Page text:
I find when talking with other people about our respective experiences of living with Parkinson’s, we don’t need lots of words or explanations, we have a connection, a bond, brought about by our shared experiences, a shared understanding and a shared uncertainty about our futures. We rarely struggle to find words to describe our experiences to each other in a way we might struggle to explain Parkinson’s to someone who isn’t living with the condition. The nature of Parkinson’s with its unpredictable, diverse and at times bizarre range of symptoms can make it hard to explain and hard to understand.
Recently, a friend sent me a link to The Waterboy’s Song ‘Strange Boat’. ‘Strange’, he said, was perhaps the best description of life with Parkinson’s. I could relate to this immediately on so many levels and started to think about some of the ways in which Parkinson’s is ‘strange’.
Strange that everyone with Parkinson’s has different symptoms and different rates of progression.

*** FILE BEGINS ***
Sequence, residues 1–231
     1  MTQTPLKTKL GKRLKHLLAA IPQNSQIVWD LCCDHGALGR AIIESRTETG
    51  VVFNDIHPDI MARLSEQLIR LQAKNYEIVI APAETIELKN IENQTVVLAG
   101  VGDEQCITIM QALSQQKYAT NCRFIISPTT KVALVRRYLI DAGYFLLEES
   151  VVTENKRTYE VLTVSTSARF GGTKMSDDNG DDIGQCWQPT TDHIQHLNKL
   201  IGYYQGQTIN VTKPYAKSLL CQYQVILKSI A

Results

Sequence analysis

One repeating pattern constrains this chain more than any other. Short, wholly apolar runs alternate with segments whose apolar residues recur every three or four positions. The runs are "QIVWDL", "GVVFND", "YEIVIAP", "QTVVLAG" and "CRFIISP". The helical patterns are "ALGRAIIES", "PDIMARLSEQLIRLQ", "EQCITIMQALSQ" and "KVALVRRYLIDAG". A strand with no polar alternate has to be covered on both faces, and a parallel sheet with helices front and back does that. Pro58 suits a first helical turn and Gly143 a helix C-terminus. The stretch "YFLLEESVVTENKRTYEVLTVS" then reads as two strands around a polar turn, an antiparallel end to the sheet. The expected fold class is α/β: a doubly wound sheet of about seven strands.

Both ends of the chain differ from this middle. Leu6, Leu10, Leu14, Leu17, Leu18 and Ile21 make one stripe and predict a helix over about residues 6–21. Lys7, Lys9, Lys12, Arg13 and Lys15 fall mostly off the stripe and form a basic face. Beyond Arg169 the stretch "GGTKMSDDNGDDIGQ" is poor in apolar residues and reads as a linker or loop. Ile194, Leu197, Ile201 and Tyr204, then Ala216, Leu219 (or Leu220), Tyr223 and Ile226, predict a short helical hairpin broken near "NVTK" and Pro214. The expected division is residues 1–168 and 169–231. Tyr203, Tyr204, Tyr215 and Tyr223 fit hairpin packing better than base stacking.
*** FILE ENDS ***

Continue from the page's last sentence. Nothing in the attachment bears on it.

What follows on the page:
Strange that some days I can write a few lines and other days, I can’t hold a pen properly.
Strange having a face that doesn’t accurately express my emotions.
Strange that whatever time I go to bed and however tired I am, I wake at 3.00am and rarely get back to sleep.
Strange that many people think Parkinson’s is an old person’s disease and that I’m too young to have it.
Strange that my symptoms are so much worse when I’m cold, tired, stressed or under time pressure.
Strange that the loss of one neurotransmitter (dopamine) can be responsible for such a wide range of symptoms.
Strange that Parkinson’s is classed as a movement disorder, when movement is only one of a whole diverse range of symptoms.
Strange that one side of my brain and therefore one side of my body is affected more than the other.
Strange that my jaw moves involuntarily, even when I’m not talking!